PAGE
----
Mail Tribune 100, May 6, 1918
May 6, 1918
SCHOOL SURVEY MOST BENEFICIAL AT CENTRAL POINT
The benefits of a school survey by the public nurse have been demonstrated in Central Point, according to a communication sent by E. B. Stanley, principal of the Central Point schools.
I wish at this time to commend the work which has been done in this community by the county health nurse, Miss Jane C. Allen.
Miss Allen has, with one exception, examined every child in this school. We were not especially surprised at the number of children whom she found physically defective in one way or another, but we are surprised and, at the same time, pleased with the success which she has been having in getting the parents to cooperate.
A small percentage of the children in any school will be found to be in such condition physically that it should be a criminal offense to let them go without the needed medical attention. This school has proved to be no exception to the rule. Miss Allen found as many as three children who were nearly blind in either one or both eyes — a condition which can be remedied by wearing glasses. More than a dozen others have poor sight and are suffering more or less, from headaches or other nervous troubles. Several have their throats filled with rotten tonsils or adenoids which make them mouth breathers, which condition causes many other troubles. Two of the children are in the first stages of tuberculosis.
A large percentage of those found defective have already received medical aid and show great improvement in their school work.
I am bringing this matter to your attention at this time because I am convinced that few people, other than teachers, fully realize the value of the work of a health nurse. The better informed people have their children properly cared for and take it for granted that others do the same. The less informed do not know the necessity of such and so their children have to suffer as a result.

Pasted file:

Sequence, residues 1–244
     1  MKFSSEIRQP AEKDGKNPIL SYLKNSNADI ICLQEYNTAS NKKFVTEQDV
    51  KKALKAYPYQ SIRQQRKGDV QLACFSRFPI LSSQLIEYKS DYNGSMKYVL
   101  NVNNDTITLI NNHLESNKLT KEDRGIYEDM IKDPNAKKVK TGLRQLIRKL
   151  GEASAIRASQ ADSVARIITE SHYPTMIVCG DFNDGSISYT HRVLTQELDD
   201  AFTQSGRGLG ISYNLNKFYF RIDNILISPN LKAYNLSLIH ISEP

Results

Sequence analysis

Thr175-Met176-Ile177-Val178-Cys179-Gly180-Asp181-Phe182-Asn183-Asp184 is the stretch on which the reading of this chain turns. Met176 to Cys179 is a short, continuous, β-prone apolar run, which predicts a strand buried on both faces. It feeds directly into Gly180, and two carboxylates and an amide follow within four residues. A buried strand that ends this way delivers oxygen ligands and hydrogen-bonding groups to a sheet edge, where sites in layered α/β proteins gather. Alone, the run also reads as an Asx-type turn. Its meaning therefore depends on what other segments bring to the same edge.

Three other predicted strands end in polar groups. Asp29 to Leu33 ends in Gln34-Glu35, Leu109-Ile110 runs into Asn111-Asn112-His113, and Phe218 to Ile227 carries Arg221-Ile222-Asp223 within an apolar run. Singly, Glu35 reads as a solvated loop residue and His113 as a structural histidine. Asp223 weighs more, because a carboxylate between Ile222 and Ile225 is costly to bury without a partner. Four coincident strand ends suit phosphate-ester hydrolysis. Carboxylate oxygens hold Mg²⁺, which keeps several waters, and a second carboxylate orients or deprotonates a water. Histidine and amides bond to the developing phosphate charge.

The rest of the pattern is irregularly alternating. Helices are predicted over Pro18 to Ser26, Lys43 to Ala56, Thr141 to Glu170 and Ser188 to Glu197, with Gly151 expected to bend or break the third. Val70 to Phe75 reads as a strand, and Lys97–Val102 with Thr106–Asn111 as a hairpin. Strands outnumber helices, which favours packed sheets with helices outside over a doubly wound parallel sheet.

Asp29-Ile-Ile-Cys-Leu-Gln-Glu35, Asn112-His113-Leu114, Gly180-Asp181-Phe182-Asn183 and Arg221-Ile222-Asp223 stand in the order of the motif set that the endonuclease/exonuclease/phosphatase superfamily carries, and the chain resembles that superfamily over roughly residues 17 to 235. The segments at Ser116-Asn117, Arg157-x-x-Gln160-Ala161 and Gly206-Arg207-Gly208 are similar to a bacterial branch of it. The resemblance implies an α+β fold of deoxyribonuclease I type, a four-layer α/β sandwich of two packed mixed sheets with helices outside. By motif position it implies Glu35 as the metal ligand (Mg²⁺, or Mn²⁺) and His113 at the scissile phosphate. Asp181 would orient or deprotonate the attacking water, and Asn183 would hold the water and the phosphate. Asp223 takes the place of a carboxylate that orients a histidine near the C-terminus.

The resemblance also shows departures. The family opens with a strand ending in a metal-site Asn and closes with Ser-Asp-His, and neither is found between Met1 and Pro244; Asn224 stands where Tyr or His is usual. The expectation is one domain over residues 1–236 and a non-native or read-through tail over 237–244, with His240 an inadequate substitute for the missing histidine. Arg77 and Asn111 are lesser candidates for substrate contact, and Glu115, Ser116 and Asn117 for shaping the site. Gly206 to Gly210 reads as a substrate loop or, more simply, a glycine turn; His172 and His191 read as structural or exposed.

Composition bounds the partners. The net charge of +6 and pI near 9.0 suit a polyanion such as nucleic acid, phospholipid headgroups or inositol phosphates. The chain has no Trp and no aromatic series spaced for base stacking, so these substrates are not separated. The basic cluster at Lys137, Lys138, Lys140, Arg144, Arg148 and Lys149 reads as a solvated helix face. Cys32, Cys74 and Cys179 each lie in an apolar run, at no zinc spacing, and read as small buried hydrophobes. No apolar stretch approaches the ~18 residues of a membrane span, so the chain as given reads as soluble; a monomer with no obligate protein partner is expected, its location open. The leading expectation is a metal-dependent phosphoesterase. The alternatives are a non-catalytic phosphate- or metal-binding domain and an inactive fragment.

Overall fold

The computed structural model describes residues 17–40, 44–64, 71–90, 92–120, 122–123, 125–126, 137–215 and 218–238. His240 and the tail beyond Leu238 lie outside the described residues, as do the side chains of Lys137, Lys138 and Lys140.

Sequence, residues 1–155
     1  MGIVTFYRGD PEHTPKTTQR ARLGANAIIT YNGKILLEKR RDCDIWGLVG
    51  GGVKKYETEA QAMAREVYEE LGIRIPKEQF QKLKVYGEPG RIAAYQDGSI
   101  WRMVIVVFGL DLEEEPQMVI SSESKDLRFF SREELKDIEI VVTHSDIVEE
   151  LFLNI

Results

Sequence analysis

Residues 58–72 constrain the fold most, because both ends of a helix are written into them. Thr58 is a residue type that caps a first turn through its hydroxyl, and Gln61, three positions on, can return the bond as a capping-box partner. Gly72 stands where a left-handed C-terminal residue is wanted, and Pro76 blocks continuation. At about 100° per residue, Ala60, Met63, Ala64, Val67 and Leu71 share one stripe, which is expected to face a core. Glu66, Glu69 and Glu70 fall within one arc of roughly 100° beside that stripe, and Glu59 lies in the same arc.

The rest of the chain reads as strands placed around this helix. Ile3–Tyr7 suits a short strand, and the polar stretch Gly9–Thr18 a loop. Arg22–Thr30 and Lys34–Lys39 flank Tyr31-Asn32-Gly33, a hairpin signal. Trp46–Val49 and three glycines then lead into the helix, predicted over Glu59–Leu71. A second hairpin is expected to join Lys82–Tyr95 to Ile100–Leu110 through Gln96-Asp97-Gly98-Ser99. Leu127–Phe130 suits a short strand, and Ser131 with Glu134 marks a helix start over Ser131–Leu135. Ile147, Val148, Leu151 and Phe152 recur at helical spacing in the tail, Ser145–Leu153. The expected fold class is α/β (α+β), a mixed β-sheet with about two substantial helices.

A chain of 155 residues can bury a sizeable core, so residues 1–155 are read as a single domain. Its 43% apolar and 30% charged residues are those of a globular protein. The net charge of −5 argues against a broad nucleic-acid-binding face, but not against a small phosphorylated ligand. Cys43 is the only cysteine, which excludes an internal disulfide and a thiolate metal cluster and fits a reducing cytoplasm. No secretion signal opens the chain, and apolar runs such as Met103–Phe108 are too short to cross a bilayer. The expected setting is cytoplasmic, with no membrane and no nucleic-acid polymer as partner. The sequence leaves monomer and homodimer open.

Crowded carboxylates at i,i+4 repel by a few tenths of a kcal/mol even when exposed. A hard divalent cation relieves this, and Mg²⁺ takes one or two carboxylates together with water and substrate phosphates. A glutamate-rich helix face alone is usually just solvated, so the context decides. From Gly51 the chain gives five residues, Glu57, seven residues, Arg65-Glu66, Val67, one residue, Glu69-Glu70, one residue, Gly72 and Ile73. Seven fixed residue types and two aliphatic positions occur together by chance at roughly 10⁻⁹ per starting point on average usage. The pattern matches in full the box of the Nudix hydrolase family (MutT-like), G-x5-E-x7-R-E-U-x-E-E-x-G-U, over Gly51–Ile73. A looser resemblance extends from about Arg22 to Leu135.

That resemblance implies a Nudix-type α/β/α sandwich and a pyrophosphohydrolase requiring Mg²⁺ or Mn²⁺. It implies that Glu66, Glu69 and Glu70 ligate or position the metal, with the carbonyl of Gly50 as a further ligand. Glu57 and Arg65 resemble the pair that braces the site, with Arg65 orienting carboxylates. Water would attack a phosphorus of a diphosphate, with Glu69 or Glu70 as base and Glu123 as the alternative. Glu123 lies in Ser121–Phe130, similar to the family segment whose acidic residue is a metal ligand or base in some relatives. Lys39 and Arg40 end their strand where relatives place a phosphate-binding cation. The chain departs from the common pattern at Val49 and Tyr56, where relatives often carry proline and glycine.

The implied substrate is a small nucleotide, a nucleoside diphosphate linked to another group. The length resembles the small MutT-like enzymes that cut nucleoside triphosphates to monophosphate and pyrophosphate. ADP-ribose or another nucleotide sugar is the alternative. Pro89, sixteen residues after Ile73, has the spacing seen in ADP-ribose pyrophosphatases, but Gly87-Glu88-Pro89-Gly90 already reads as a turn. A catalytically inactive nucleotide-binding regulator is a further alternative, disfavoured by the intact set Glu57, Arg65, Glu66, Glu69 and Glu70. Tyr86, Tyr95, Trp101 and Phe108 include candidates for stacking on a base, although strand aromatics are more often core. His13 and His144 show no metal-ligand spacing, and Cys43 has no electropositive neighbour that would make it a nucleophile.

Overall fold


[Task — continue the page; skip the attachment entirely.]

The loss ultimately falls upon the state and county in maintenance of poor farms, hospitals and penal institutions. It also lowers the standard of our citizenship.
I believe that the children who are growing into the ranks of manhood and womanhood should have the advantage of careful medical inspection as do the boys who enter the ranks of the army.
What the nurse has accomplished here in the case of any one of several children is worth all that it has cost to keep her during the time she has been here. I therefore urge that the county court seriously consider the matter of providing a permanent county health nurse.
Respectfully yours, E.B. STANLEY, Central Point, April 30.
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